“Arc was having to put resources into the camp to subsidize its operations because we weren’t making ends meet. The day I arrived I knew they had a negative budget and had lost money for two or three years in a row,” said Stracke.
The camp became independent on New Year’s Day in 1986.
“To be honest, that was the best thing that could have ever happened to Camp Friendship because at that time ARC’s primary focus was on education, advocacy and lobbying on behalf of people with disabilities. Direct service was not a main part of their focus,” said Stracke. “Although they had the camp for 21 years, it had ceased to become integral in their mission and was a drain financially.”
While the separation was ultimately a positive for the camp, the change brought significant growing pains.
“We started off in the hole. We had to go to the bank from day one,” said Stracke. “The first three years it was really hard because we had to establish our own donor base, generate our own revenue, pay our own bills, do our own accounting – things we were used to having the parent organization do.”
A business plan showed the camp reaching positive territory again three years after the separation, but things didn’t come together as planned and layoffs were the result. Fortunately, the turnaround that had been planned for 1988 arrived in 1989, and the park has not faced such a dire circumstance again.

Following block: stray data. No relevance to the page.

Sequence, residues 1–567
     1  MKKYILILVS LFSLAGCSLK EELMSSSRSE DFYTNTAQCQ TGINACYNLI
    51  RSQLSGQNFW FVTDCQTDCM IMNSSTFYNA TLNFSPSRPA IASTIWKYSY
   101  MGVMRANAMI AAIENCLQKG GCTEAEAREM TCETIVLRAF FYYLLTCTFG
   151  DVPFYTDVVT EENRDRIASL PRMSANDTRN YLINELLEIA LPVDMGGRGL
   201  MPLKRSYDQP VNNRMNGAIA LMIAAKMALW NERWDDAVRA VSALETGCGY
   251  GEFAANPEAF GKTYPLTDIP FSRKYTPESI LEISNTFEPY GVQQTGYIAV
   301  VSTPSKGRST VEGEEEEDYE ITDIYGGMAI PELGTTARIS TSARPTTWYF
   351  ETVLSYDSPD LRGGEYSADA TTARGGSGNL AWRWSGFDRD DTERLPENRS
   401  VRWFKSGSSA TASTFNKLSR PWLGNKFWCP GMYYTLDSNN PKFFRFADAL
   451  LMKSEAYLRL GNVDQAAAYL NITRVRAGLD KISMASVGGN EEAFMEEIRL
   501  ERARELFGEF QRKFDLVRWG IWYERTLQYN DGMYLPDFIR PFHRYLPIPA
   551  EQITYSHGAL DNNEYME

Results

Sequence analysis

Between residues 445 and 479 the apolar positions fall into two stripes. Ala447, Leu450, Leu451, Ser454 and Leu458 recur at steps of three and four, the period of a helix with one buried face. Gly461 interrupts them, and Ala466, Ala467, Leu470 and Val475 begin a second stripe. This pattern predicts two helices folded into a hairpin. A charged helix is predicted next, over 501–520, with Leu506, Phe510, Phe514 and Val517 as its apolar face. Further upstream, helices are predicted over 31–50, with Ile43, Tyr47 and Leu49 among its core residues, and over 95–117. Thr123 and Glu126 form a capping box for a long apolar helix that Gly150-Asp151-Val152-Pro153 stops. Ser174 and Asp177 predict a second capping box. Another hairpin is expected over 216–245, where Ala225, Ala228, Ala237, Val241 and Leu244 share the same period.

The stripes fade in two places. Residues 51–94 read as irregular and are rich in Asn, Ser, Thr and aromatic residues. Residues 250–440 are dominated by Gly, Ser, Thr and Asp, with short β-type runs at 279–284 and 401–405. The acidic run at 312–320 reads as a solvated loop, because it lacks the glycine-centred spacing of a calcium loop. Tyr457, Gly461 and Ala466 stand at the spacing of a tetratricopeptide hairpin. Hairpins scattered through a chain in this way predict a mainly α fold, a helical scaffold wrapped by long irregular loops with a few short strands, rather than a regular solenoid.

When Stracke arrived, the camp had an annual budget of about $350,000. Today, that budget is around $7 million.
With greater resources has come a dramatic expansion of services offered. In the mid-1980s, the camp was strictly a summer venture. Now it offers respite care year-round, along with travel services, retreat facilities for non-profits and organizations, and much more.
When Camp Friendship joined Camp Courage and three other camps to become True Friends in 2012-13, the possibilities and facilities dramatically expanded.
“I believe that Camp Friendship really has been the driver of this because we serve so many people and we’ve been so successful,” said Stracke.
The camp now is the main headquarters for the entire organization.
Part of the reason the camp has been so successful is the almost overwhelming generosity of its supporters, which has allowed expensive projects to be undertaken with a combination of fundraising and in-kind donations.
“We’ve been able to take a dollar and stretch it as far as possible because of the goodness of people wanting to help,” said Stracke.